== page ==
Lead/Presenter: Erica Svojse, COIN - Houston
All Authors: Svojse EK (VA HSR&D Center for Innovations in Quality, Effectiveness and Safety; Michael E. DeBakey VA Medical Center, Houston, TX), Brown-Griffin CR (VA HSR&D Center for Innovations in Quality, Effectiveness and Safety; Michael E. DeBakey VA Medical Center, Houston, TX ), Petersen LA (VA HSR&D Center for Innovations in Quality, Effectiveness and Safety; Michael E. DeBakey VA Medical Center, Houston, TX ) Hysong SJ (VA HSR&D Center for Innovations in Quality, Effectiveness and Safety; Michael E. DeBakey VA Medical Center, Houston, TX )
We aim to explore how team dynamics, particularly team cohesion and psychological safety, impact the effectiveness of an audit and feedback intervention aimed at improving coordination in primary care teams.
This research covers the qualitative aspects of a larger, 3-part audit-and-feedback study (Hysong et al, 2015). Ninety-eight clinical personnel from 34 Patient aligned care teams (PACT) at four Department of Veterans Affairs (VA) healthcare facilities from two regional networks enrolled in the study. Fieldnotes were produced by trained researchers/facilitators immediately following each session with the PACT/clinic and were analyzed using a grounded theory approach.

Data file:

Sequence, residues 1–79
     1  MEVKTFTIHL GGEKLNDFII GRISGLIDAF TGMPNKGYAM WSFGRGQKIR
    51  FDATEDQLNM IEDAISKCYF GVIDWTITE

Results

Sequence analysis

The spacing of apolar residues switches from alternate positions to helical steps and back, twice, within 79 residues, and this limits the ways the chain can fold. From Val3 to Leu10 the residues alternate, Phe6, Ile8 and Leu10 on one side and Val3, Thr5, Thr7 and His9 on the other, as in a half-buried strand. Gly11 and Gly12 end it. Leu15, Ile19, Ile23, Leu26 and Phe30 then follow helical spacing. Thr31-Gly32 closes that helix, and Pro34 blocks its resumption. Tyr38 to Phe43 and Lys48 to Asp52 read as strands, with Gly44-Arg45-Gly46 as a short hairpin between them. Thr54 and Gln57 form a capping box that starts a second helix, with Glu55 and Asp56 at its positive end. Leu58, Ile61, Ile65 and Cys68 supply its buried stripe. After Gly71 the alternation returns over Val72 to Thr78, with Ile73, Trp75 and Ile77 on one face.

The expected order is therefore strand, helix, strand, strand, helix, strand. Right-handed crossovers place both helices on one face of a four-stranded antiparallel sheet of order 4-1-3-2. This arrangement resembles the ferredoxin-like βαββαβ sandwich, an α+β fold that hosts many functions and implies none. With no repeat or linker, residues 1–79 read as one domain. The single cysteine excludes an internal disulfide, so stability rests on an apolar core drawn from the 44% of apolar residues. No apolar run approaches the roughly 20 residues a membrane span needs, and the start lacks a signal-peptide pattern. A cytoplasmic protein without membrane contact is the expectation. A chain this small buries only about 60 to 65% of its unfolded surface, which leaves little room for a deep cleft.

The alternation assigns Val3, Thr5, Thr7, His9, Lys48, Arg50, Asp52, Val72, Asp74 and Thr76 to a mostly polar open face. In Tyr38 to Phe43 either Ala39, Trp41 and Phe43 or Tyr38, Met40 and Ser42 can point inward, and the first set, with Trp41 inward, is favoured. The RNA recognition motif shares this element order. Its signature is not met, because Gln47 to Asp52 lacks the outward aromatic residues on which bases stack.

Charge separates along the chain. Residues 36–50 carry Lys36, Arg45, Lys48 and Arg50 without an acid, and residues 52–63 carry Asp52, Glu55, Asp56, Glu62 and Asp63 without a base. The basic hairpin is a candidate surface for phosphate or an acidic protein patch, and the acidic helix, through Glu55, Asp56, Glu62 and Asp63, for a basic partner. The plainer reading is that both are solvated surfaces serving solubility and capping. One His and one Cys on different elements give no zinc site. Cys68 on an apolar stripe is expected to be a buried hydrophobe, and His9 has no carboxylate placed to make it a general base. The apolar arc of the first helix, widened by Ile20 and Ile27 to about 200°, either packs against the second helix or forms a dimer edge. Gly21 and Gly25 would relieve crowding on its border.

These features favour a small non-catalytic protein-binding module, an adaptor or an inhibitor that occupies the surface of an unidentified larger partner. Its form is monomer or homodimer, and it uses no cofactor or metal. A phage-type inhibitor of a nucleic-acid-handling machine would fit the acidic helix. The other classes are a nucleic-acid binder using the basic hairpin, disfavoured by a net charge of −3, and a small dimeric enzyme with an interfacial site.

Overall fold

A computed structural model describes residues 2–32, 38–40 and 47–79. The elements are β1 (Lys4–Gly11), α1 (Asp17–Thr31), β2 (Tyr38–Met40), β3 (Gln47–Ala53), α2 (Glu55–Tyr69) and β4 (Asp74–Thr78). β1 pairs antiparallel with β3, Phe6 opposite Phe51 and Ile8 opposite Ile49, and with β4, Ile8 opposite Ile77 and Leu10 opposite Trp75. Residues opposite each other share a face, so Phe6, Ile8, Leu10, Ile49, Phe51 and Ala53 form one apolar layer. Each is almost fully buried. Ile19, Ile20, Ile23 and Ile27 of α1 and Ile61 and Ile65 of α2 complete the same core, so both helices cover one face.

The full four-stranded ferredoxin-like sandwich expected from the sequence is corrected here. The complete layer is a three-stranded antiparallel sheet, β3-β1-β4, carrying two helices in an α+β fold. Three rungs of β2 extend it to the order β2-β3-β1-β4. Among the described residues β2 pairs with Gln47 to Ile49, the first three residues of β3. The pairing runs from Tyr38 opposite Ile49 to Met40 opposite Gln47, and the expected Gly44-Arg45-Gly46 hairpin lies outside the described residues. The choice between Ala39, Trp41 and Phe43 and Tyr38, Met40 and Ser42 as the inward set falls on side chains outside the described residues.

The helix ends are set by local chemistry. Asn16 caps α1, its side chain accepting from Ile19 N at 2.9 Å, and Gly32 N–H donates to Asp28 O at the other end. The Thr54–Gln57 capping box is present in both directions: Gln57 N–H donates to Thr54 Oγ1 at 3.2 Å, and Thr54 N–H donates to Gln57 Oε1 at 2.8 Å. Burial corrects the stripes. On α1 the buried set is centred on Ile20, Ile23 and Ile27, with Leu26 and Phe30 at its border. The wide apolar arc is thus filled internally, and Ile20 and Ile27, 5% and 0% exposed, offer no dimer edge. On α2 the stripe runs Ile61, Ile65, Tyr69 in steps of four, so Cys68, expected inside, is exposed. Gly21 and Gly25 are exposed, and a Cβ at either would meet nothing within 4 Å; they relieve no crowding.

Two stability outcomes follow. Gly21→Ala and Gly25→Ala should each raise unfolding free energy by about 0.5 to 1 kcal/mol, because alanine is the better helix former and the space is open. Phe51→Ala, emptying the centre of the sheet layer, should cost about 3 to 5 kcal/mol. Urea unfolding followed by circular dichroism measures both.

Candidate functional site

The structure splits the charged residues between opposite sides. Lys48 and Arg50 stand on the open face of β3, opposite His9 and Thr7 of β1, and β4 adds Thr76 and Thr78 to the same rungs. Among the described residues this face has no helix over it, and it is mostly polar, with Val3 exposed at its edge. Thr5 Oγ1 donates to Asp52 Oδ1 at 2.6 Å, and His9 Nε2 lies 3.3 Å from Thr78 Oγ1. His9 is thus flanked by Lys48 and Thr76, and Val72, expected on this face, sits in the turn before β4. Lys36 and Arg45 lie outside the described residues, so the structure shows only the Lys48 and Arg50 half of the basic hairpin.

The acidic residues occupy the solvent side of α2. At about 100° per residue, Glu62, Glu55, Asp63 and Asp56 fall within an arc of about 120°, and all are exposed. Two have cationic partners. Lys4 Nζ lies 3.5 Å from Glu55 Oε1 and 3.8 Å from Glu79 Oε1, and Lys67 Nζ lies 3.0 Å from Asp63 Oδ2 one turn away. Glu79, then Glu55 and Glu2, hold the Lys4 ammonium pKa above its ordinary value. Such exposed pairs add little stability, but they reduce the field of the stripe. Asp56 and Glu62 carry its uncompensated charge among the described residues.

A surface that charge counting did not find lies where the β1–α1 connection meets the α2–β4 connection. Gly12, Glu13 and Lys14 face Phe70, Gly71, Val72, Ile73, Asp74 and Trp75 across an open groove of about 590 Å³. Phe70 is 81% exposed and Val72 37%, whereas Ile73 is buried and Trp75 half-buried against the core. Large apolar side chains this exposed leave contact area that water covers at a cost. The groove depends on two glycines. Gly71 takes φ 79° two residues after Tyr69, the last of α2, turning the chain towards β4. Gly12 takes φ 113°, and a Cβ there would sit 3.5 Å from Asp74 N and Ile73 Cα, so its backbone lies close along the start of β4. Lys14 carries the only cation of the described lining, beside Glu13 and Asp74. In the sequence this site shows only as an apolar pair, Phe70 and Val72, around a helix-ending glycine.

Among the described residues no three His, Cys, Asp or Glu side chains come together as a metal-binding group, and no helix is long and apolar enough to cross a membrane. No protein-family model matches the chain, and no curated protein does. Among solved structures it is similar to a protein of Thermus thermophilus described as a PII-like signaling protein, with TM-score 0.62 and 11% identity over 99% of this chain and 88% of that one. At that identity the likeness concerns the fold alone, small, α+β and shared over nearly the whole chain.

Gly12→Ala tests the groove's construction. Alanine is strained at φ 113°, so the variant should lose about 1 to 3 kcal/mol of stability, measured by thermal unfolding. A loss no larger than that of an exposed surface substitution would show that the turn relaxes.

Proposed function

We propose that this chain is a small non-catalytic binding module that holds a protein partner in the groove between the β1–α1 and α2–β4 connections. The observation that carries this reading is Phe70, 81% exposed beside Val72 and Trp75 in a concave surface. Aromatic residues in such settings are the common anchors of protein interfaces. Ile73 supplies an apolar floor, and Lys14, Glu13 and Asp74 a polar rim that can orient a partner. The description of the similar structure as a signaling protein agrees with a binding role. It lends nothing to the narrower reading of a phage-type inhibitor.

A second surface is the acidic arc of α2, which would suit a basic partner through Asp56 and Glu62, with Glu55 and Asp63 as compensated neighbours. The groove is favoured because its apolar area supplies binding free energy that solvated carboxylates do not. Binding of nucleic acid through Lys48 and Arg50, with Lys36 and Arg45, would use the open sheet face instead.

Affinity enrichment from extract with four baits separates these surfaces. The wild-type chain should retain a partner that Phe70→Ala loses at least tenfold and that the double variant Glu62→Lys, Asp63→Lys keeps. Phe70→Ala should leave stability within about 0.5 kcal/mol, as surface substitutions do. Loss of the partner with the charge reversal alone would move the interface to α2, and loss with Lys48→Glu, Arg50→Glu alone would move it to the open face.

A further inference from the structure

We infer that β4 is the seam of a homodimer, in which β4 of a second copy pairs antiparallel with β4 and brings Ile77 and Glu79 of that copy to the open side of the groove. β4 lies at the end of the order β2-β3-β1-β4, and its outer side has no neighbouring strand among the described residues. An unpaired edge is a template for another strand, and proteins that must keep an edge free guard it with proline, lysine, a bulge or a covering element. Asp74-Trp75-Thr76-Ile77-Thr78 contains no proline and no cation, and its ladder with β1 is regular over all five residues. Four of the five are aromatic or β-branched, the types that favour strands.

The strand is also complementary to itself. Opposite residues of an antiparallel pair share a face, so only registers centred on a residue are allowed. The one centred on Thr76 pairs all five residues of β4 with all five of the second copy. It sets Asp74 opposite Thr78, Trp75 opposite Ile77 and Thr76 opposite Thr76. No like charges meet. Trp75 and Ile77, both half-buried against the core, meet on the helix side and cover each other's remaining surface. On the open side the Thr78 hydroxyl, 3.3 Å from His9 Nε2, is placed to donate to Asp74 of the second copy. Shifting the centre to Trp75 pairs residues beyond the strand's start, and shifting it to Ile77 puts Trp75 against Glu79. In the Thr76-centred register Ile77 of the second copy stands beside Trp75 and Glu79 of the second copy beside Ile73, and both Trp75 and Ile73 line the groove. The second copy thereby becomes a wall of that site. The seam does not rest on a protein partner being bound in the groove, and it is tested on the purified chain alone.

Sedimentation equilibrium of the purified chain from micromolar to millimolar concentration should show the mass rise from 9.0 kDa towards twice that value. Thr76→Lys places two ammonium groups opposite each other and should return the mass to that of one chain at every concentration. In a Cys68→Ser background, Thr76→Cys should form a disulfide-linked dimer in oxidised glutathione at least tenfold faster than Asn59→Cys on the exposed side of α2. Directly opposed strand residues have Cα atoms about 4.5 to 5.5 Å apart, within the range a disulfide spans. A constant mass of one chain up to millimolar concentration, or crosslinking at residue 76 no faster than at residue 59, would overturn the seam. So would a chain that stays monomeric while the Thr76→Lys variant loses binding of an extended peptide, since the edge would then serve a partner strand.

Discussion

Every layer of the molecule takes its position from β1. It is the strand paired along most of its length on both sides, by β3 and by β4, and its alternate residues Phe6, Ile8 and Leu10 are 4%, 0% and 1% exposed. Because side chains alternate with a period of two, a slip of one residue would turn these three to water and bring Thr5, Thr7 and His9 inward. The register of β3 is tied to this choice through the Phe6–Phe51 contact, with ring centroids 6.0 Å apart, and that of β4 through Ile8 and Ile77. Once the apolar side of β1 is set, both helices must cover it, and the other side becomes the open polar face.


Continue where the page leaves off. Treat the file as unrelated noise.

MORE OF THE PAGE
One group (A2) was found to be highly cohesive, five were moderately cohesive and two had no instances of codable cohesion within their debrief sessions. Group A2 also had the highest evidence of psychological safety; five of the other groups were in the midrange and two scored low. We also observed the teams went through a series of cycles: 1) Learning, 2) implementing, 3) "speed bump", 4) recovery and 5) successful implementation. Although all groups went through steps 1-3, only three of the groups moved on to steps 4-5. Those with higher instances of team cohesion and psychological safety were most able to move through all stages, particularly from the speed bump into recovery stage. This indicates a correlational relationship between these constructs.
When team cohesion and psychological safety are low, the PACT is unable to move through the cyclical setbacks every team faces such as turnover, personality conflict or workplace stress to the same extent as those PACTs for which cohesion and psychological safety are high. In turn, this prevents PACTs from fully utilizing tools such as the one presented in this intervention.
The PACT system is intended as a more modern, efficient and coordinated method of care for veterans, in which VHA has invested hundreds of millions of dollars. This work shows that there are potential barriers to the PACT systems' optimal performance. This means greater resources must be allocated towards identifying and implementing ways to increase PACT cohesion and psychological safety in order to ultimately increase patient care.